Security Scene: February 2022 Edition

Subscribe for more like this


By Adair Thaxton, Internet2 Cyberinfrastructure Security Engineer

Estimated reading time: 2 minutes

Security Scene is a monthly roundup of cybersecurity news highlights compiled by Internet2 Cyberinfrastructure Security Engineer Adair Thaxton. Adair connects recent headlines to security best practices, within the lens of the research and education community and our broader digital society. Plus, she’s got jokes!

Security Scene illustration with lock

Happy February! Hopefully, your local weather is warming up and getting less windy, the end of the school year is in sight, and everyone is healthy.

It’s Black History Month, and you should read ISC’s list of Black cybersecurity and computer science pioneers, as well as Duo’s list of contemporary Black luminaries. Satellites, cartridge-based game systems, and peripherals were among the innovations developed by the technologists on ISC’s list, and those on Duo’s list have a wide array of outstanding projects and community-focused initiatives. Then, explore the National Cryptologic Foundation’s list of Black cryptologists who have worked in the National Security Agency and our military to make our country more secure.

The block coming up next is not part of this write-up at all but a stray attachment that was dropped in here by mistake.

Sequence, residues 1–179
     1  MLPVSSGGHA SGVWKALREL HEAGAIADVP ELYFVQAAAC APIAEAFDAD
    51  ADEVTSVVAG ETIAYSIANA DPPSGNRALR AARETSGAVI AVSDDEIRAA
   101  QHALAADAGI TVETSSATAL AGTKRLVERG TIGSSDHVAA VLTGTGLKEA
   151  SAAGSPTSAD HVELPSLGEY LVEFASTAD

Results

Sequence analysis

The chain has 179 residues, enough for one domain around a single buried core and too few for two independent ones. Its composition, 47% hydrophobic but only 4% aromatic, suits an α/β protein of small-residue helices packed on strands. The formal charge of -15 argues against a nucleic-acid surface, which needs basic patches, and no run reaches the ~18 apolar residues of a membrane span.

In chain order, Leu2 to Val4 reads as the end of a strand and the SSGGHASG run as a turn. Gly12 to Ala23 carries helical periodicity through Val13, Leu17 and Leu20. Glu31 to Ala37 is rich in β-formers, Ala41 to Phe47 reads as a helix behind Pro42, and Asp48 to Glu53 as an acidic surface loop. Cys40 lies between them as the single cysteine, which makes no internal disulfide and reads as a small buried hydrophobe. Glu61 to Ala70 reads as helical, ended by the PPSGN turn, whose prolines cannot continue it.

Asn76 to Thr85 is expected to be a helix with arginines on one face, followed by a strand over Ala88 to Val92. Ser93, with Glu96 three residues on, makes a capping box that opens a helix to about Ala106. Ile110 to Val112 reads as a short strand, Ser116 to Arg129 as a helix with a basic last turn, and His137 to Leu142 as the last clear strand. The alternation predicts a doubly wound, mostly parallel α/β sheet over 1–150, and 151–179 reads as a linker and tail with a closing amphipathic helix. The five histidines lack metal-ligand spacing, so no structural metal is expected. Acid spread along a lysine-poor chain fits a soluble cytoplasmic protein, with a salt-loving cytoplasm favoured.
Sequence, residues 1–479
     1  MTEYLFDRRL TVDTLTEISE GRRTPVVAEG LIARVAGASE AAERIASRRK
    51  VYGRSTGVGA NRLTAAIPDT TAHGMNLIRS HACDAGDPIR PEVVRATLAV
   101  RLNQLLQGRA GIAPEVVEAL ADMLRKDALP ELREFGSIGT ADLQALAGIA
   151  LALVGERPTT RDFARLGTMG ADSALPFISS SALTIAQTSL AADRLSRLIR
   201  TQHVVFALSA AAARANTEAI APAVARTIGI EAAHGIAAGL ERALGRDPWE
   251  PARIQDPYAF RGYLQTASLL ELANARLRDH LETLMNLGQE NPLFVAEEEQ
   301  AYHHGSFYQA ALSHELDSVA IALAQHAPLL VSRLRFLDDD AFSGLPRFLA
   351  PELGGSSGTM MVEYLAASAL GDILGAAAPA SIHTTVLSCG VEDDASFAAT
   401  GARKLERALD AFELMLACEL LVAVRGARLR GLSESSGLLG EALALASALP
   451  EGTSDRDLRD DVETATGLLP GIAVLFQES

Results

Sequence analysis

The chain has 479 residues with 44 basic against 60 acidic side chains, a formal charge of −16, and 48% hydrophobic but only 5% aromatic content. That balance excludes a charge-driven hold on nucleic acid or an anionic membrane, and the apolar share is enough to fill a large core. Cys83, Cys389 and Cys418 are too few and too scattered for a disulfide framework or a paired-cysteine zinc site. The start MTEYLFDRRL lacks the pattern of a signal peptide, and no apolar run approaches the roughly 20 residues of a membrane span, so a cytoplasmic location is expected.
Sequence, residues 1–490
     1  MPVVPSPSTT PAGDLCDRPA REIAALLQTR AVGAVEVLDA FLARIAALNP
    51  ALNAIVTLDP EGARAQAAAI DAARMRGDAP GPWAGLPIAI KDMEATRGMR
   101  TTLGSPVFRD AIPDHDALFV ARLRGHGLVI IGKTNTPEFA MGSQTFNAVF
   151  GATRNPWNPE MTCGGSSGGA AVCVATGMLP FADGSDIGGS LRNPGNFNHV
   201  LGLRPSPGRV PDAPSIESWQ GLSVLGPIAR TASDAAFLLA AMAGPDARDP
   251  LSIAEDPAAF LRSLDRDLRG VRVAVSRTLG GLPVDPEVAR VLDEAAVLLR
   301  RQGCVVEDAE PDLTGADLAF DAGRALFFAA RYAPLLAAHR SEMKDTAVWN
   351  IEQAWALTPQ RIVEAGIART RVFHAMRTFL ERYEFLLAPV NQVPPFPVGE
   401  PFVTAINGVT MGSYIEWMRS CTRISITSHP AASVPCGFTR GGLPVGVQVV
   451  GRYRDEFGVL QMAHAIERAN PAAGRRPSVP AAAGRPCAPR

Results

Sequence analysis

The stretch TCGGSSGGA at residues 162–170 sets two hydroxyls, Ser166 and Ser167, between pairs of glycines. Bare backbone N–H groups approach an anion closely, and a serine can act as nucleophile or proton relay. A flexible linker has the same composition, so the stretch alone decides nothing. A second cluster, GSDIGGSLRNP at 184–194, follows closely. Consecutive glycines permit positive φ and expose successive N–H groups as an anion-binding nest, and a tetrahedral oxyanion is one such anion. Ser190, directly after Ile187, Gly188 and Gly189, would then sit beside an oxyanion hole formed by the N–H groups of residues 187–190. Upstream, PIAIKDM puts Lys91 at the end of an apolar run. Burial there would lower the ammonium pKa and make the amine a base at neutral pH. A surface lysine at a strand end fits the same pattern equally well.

The SANS Institute is partnering with HBCUs to offer a scholarship academy for cybersecurity, with classes beginning this April. The article notes that “only 4 percent of the cybersecurity workforce self-identifies as Black,” and reading the lists above, it’s clear that as an industry we need to break down barriers and bring more Black professionals into the field. The SANS program encompasses three courses over 12 weeks and is open to juniors, seniors, and graduates of HBCUs.

The ARIN-NONAUTH Internet Routing Registry (IRR) will shut down in April this year. Steven Wallace, the keeper of Internet2’s routing security reports, notes that about 50 Internet2-connected organizations still rely on the non-authenticated registry. As routing policies are increasingly generated by automation, this means that the remaining network operators who have NOT migrated to ARIN’s authenticated IRR (accessible via login at arin.net) will find their traffic to networks such as Google, Amazon, and Hurricane Electric taking the non-Internet2 paths, potentially impacting transit costs for those organizations.

I hope you’re all staying happy and healthy, and that you’re taking the necessary steps to keep your routing happy and healthy, too!

Read previous Security Scene blog posts